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Massachusetts Police Dept. Apologizes After 'Accidental' Post Attacking George Floyd Sparks Outrage

Massachusetts Police Dept. Apologizes After 'Accidental' Post Attacking George Floyd Sparks Outrage
Elijah Nouvelage/AFP via Getty Images

A Police Department in Massachusetts had to apologize after it shared a wildly inappropriate statement about George Floyd via the department's official Facebook account.

As WCVBreported, the post was published on the Fall River Police Department account mere hours following the conviction of Derek Chauvin, the Minneapolis Police Officer who killed George Floyd last May by pushing his knee into Floyd's neck for over nine straight minutes.

The post, which was later deleted, included a screenshot of a Tweet which took a very inflammatory approach to comparing Chauvin's courtroom demeanor and Floyd's tragic final moments:

"Chauvin immediately stood and calmly placed his hands behind his back. Imagine where we'd be if George had done the same."

The post immediately prompted widespread outrage after it was publish. Hours later, the Fall River Police Department followed up with a statement distancing itself from the earlier message.

For many, that statement was not at all satisfying.

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Others called for serious punishment.

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Justice Ameer Gaines/Facebook

Fall River Police Chief Jeffrey Cardoza shared another statement attempting to address those calls for accountability. He outlined the department's work to track down and discipline the person responsible for the post.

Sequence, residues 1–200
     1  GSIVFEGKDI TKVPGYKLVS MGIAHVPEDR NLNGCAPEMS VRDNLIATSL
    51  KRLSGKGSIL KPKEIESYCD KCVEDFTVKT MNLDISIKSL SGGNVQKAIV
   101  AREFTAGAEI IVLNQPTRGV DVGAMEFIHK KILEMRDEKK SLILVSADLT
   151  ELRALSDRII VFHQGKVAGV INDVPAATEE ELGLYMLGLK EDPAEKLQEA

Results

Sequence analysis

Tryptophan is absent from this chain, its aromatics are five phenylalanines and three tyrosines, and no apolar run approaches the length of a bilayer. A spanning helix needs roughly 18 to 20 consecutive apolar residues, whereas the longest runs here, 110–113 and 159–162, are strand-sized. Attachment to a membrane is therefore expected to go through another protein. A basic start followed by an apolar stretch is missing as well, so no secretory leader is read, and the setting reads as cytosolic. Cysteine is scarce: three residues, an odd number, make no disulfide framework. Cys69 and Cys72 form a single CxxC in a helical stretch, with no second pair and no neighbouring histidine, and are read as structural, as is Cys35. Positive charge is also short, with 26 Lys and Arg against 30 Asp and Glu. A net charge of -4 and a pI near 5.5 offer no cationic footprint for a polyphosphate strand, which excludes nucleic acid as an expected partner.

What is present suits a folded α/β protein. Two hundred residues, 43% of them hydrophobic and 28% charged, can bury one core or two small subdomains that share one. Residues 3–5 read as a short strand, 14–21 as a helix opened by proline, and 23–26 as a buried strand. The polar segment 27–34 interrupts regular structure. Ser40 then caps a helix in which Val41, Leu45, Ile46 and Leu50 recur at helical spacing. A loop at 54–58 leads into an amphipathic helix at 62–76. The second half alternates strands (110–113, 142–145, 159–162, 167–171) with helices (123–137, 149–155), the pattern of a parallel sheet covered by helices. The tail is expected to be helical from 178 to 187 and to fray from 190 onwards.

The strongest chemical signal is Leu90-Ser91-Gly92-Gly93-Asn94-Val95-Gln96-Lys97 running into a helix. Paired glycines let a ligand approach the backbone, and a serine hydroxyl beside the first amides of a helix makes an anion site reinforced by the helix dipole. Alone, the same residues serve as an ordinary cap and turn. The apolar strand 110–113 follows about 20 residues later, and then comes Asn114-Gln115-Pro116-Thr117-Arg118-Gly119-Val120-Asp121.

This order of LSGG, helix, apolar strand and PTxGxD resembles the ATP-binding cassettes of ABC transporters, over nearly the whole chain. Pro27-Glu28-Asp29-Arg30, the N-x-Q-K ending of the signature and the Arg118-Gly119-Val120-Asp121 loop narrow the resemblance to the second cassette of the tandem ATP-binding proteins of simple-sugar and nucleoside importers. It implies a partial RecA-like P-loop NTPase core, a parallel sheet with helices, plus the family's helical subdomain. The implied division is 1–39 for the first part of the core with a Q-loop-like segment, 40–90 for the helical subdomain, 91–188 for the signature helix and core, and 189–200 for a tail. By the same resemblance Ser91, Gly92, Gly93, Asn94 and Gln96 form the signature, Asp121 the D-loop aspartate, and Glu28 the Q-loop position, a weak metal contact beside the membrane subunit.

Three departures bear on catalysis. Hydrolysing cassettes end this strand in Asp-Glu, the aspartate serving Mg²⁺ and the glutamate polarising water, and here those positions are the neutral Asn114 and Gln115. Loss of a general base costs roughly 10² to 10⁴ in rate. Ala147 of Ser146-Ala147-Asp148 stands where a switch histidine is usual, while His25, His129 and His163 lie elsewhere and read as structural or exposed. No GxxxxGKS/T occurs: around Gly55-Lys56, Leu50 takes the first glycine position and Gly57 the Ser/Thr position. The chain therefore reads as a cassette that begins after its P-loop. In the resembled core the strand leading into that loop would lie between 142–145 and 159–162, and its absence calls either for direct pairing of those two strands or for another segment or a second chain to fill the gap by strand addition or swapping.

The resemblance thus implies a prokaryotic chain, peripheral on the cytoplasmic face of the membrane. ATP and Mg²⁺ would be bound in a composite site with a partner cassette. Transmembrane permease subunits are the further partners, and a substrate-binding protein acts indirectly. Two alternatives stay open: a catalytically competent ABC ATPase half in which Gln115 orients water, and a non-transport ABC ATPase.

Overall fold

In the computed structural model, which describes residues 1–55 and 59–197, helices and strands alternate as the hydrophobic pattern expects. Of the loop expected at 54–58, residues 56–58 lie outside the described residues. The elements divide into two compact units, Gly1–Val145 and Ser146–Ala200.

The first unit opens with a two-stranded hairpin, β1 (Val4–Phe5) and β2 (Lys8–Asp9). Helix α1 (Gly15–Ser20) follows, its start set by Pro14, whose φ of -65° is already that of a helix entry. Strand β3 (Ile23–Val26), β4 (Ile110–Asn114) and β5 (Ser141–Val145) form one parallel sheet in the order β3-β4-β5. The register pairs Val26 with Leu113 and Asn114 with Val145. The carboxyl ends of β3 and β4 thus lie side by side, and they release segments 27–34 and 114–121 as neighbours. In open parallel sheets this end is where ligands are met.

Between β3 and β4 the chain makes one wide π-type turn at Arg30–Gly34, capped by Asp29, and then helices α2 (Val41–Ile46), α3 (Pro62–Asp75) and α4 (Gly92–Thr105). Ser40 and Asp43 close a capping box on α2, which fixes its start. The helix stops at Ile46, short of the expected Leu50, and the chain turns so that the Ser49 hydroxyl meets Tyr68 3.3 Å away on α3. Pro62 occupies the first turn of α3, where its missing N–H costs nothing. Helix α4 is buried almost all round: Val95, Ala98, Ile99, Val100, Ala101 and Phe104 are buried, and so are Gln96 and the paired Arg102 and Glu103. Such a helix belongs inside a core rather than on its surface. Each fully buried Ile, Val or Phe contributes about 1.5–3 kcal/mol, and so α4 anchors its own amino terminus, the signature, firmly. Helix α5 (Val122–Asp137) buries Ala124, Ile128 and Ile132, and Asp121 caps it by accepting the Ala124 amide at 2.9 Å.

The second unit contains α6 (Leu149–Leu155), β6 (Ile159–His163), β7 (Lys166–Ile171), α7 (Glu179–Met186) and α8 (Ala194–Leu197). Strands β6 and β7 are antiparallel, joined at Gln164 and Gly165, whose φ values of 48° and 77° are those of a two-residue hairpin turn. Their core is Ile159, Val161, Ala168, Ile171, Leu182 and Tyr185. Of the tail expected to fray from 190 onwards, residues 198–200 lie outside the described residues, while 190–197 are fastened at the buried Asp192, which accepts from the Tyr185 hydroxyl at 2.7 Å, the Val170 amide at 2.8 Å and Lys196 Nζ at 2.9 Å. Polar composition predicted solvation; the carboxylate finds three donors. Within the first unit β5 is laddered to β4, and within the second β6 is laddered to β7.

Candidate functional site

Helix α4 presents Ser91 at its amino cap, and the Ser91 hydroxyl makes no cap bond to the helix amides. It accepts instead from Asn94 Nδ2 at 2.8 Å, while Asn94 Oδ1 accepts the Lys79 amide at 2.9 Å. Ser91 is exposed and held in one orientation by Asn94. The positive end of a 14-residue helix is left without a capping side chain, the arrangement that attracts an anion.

That statement ended with a description of the "punishment" implemented:

"The officer involved has been transferred to an assignment that has no contact with the public. There is going to be an independent investigator from outside the agency assigned to this case."

Again, that statement was not at all up to par according to many people in the community.

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That vague approach to disciplinary action echoed the public statement made by Fall River's Mayor, Paul Coogan:

"I've had a couple of conversations with the chief since. We are looking at different options on how to deal with this."
"Obviously, the easiest one is going to be punishment, but changing people's attitudes is very, very difficult, and we want people to know that those attitudes have no place in the workforce in any of our divisions in Fall River."

It's a horribly poetic illustration that, despite the singular conviction of Derek Chauvin, there is so much work to do in so many communities across the country.